Perhaps you breathe a sigh of relief as the years creep up on you, thinking the bulk of dental visits are behind you?
After all, you’ve fallen into a routine, and it seems to be working pretty well for your teeth.
But now is not the time to get complacent, unfortunately.
If you’re over 60, you need to go that extra mile to maintain your oral health since you face a higher risk of dental decay, gum disease, mouth infections, tooth loss and oral cancer.
It’s impossible to count the number of times you’ve used your teeth since they first emerged from your gums, but you can be sure a lifetime of chewing has worn away the outer layer of enamel. This is particularly true if you have a soft spot for acidic fruits and carbonated beverages, which can dissolve the protective enamel over time.
Your mouth is a map for the rest of your body…
Your gums hold your teeth in place and protect the roots from decay, but gum tissue recedes with age, exposing the soft root tissue. It’s important to care for your gums, because infection can lead to heart disease, stroke, stomach problems and other conditions. This happens when bacteria enters your bloodstream through your gums, wreaking havoc on the rest of your body.
Although infection can flow from your gums to your organs and distant tissue, it also works the other way around, with poor oral health flagging a wider problem. Think of your mouth as a map for the rest of your body – oral inflammation can be a signpost for diseases such as diabetes, osteoporosis, and Alzheimer’s. It’s important to make regular visits to your dentist, who can pick up on the clues and refer you to a specialist.
Dental treatments can even ease the symptoms of various conditions. In a 2014 study, researchers found that people who maintained their gum health had fewer hospitalisations and medical costs than those who weren’t treated.
Common dental complaints for people over 60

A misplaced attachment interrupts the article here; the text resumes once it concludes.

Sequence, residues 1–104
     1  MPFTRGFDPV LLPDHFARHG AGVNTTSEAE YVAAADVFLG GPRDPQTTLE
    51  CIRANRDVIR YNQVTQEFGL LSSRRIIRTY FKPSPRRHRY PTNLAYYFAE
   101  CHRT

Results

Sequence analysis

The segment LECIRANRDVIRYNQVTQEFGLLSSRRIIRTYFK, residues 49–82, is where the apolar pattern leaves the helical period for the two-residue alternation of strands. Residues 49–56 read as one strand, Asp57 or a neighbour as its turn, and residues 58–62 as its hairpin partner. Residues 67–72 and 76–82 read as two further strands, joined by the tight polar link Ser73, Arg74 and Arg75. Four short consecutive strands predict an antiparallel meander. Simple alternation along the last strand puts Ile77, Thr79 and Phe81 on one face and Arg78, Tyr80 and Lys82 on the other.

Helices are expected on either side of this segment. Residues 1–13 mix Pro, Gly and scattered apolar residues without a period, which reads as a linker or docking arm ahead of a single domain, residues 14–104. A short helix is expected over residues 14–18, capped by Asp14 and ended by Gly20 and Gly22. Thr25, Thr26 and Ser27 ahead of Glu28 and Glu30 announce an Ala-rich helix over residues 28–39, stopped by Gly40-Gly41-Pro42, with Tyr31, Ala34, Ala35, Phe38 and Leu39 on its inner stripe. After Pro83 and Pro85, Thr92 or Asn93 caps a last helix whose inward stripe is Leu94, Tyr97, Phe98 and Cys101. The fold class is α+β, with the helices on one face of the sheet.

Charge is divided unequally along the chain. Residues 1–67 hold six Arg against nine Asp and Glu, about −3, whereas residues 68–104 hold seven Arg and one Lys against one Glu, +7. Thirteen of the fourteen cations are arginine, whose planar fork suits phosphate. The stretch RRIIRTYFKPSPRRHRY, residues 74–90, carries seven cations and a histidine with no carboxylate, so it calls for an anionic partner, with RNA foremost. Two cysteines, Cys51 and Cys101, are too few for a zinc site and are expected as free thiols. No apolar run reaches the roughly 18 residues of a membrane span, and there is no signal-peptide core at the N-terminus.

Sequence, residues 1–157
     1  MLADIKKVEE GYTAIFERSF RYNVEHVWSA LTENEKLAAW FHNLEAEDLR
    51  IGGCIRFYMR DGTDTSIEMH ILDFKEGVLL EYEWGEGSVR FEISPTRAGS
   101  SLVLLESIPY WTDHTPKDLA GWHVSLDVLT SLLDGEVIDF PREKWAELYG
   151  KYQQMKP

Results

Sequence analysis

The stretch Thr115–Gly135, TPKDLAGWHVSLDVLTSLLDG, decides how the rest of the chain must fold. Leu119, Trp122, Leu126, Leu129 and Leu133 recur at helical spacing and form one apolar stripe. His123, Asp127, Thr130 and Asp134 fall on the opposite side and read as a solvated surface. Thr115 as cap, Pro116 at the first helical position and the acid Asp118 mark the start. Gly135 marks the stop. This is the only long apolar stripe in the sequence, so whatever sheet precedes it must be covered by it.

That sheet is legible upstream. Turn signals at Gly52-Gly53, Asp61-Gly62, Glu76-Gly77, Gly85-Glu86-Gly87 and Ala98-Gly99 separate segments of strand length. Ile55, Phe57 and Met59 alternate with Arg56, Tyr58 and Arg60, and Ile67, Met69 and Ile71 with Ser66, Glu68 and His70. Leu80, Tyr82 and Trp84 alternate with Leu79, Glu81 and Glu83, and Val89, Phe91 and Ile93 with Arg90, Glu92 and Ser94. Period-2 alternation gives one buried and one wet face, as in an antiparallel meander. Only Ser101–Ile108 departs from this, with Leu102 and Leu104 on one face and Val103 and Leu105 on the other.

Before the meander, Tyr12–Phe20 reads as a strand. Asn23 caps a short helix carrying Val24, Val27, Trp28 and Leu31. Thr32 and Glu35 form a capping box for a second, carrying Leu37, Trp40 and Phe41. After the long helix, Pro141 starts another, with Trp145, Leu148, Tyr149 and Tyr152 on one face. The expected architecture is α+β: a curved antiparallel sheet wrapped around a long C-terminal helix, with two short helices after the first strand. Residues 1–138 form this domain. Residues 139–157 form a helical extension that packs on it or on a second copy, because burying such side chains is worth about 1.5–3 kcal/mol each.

Tooth decay – You can get cavities on the surfaces of teeth that have never bothered you before, as well as around old fillings, or at the root of your tooth, which has become more exposed over time. Make sure you use toothpaste with fluoride in it.
Dry mouth – You might not be producing enough saliva to protect your teeth from decay. Many medications can cause a dry mouth and smoking is another culprit. Sipping water and chewing sugar-free gum can help. Your dentist can also prescribe a saliva substitute.
Gum disease – Red and swollen gums that bleed easily could indicate gingivitis, which can lead to the loss of jaw bones and teeth, if untreated. Regular dental visits can nip this in the bud!
Tooth crowding – Your teeth can shift as you age, which can make them difficult to clean, causing more decay. You may need to be fitted with a retainer, spacer, or braces.
Oral cancer – Your chances of developing oral cancer grow as your get older, especially if you’re a smoker or heavy drinker. Early detection gives you the best hope for survival, which is why your dentist should check the soft tissue in your mouth, throat and jaw.
What else can you do to protect your oral health?
Regular visits to your dentist are a good place to start (contact our team at Mona Vale Dental, if you’d like to book a check-up).
Go prepared to your appointment with a list of questions, such as:
Is there anything I should be doing differently now?
What ways can I be screened for oral cancer?
How can you improve the whiteness of my teeth?
Would dental implants be suitable?
You should also go armed with a list of your medications and medical conditions. It’s a good idea to take your dentures and partials with you too.
When it comes to cleaning your own teeth, it might be time to switch to an electric toothbrush, especially if you have arthritis or any weakness in your hands.
In our next post, we’ll tell you everything you need to know about using an electric toothbrush.
Until then, keep smiling! 🙂
Also published on Medium.